In an interesting new development Glasgow Carers have put forward a proposal for a 2 year moratorium on day centre closures.
Since November 2012 the consultation methods applied to the closure of the three day centres has created a hostile relationship between the 520 families who depend on day centres and Glasgow City Council. For the past 7 months day centre families have unanimously & strongly opposed the Council's closure plans. The response from elected members is to carry on regardless with little attention being paid to the concerns of elderly carers, ethnic minority service users or those who care for a profoundly disabled family member. In particular, many elderly carers are reaching crisis point the closer we come to actual closure dates. Families that include a profoundly disabled day centre user fear the return to a regime that removes their loved one from the community environment they currently experience in day centre settings and places them in a situation that can only be described as social segregation. This is a briefing paper that sets out the reasons for the reasonable request from day centre carers for a 2 year moratorium on the current closure plans
The Public Social Partnership (PSP) as set out in the memorandum of understanding produced by Enable Scotland is not a true partnership model as carers hardly merit a mention throughout the 30 page document. It is more accurately described as an agreement between service providers - no more than that.
A new PSP needs to change direction and space needs to be found within a 2 year period for a working group that includes day centre users, carers, and academic experts working in the fields of social work and disability.
In order to create a constructive way forward from the impasse of the current situation we find ourselves in there needs to be fresh thinking applied with new ideas, vision, aspiration and a firm commitment from all appropriate parties to improve the life chances of the learning disability community in Glasgow.
This requires a partnership that has inclusion and equality as core components - that type of relationship is currently unavailable to the city's learning disability community.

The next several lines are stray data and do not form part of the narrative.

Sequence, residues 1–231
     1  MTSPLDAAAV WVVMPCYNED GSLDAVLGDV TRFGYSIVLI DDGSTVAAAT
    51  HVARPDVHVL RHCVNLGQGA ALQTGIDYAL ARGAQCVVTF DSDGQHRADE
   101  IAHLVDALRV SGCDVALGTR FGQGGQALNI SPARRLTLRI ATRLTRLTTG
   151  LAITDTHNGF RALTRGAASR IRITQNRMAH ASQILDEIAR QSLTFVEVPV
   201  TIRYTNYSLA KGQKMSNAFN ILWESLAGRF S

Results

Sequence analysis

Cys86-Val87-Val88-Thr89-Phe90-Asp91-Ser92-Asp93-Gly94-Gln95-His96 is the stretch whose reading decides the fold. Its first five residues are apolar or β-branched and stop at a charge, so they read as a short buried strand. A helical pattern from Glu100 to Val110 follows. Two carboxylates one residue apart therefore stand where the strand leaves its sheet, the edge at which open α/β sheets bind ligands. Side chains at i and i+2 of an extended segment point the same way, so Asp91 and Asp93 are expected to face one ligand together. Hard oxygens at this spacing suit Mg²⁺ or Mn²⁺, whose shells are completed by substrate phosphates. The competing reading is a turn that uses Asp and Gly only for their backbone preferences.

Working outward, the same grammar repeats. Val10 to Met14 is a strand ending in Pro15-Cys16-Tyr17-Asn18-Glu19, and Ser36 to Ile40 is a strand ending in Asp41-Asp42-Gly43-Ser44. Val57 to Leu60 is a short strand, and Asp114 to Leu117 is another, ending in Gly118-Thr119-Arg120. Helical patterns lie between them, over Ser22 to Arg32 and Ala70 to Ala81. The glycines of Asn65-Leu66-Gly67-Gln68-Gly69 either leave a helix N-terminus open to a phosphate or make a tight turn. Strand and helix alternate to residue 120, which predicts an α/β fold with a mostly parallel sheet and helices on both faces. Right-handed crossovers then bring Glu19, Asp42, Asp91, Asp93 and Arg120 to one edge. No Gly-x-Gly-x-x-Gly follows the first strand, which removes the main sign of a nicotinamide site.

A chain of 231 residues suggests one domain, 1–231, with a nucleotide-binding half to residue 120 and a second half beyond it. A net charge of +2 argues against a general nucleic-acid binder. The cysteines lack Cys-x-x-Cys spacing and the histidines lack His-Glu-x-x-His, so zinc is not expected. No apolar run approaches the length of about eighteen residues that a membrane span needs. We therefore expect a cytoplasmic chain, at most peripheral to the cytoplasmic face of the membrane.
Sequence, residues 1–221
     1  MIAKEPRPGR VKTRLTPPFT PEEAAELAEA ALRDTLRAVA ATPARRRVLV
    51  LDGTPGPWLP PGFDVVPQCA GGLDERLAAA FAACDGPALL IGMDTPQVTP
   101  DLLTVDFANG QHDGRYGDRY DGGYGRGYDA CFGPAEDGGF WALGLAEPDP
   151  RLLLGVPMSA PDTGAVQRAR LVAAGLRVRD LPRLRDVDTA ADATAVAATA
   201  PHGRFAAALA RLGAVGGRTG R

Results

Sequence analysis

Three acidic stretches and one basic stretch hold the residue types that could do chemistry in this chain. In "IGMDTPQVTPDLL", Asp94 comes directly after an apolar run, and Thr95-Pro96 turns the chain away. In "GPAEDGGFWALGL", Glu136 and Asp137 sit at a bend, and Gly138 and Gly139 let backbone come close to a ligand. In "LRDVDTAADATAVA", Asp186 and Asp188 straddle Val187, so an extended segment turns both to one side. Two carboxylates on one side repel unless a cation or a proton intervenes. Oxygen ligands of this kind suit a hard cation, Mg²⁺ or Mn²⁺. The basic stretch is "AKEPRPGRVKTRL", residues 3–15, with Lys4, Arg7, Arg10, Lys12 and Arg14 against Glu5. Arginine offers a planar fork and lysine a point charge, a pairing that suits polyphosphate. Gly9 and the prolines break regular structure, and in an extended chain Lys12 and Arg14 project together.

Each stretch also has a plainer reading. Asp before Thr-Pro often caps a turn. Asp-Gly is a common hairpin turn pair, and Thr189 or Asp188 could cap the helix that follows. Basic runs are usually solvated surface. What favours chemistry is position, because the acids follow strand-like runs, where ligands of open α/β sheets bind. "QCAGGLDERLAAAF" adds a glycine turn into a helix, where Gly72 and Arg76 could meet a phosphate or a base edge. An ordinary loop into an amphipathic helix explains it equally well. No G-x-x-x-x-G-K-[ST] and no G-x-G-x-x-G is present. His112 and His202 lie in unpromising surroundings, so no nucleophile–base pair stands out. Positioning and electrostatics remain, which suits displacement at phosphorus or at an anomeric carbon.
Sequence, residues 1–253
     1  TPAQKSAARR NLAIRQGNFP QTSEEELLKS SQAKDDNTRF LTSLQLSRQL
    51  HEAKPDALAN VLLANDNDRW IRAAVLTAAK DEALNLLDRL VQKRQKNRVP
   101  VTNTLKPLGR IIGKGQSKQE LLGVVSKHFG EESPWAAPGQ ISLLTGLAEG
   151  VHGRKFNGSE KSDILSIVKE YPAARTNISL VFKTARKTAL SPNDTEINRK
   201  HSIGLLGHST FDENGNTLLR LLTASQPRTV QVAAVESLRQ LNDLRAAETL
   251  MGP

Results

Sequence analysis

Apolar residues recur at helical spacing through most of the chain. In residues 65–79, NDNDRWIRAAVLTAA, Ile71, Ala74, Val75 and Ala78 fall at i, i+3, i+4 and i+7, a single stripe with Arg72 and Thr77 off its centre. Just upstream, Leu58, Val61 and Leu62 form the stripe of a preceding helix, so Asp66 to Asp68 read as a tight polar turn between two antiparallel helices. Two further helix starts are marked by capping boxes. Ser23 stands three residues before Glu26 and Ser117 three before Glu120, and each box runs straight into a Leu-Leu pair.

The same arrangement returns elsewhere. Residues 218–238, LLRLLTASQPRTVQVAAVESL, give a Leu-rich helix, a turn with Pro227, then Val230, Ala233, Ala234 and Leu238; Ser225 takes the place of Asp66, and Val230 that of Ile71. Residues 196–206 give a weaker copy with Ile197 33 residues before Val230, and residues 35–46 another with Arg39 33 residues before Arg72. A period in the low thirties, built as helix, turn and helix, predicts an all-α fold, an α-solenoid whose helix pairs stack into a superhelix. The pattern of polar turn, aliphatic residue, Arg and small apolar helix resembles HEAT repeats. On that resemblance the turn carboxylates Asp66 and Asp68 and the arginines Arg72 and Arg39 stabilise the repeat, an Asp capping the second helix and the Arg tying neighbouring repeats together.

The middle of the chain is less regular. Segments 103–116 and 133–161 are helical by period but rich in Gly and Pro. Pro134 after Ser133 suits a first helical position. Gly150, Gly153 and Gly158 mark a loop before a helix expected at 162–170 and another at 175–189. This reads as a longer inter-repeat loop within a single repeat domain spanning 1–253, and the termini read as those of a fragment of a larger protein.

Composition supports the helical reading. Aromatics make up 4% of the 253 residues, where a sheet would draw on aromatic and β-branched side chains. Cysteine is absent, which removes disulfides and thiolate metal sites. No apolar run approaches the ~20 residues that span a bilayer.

That is why the 520 families affected by the closure plans are calling for Glasgow City Council to agree a 2 year moratorium on the closure decision to include day centres as an option for consideration regarding the future of day service provision in Glasgow. In the first instance this requires the political decision that demonstrates strong and caring local government that genuinely listens to the people. There are a number of obvious benefits from the model suggested by carers:
1.More intelligent thinking around the day centre estate - consider why the buildings are not open to local communities in the evenings and at weekends - this is an opportunity to maximize community involvement.
2.In-depth consideration of a Carers Trust that embraces an extended partnership model and includes Glasgow City Council as lead partner with day centre users, carers, health, education, social work and DWP (employability) working together – requires a properly resourced feasibility study – and the will to succeed .
3.An innovative attitude to day centre development should include a more open environment. Where appropriate, for example, open/re-open community cafes to increase local inclusion and provide work experience for day centre users.
4.As above, where appropriate, re-introduce horticulture, arts & crafts, music and other options to seriously take on board the views and aspirations of day centre users.
5.Encourage the participation of expert organisations including Learning Disability Alliance Scotland (LDAS), PAMIS (profoundly disabled), Down’s syndrome Scotland (DSS) and others in an advisory capacity moving forwards.
6.Develop a strategy for day centre users and carers to have easy access to financial advice & support to address the impact of welfare reform that many families will experience.
In order to produce an improved day care service for the learning disability community in Glasgow it requires a 2 year moratorium to engage a short-life working group to scope and develop potential outcomes emanating from a fresh approach to partnership working in Glasgow. This would include examination of the feasibility of a Carers Trust and forensic accounting of the economic elements of any proposed changes.
A working group to bring about positive change should include, Glasgow City Council, service users, carers, and day centre staff, third sector partners, LDAS and expert academic advisers. This steering group could report to a broader advisory body within an agreed timeframe and fully utilize the benefits accrued from a 2 year moratorium on the current closure plans.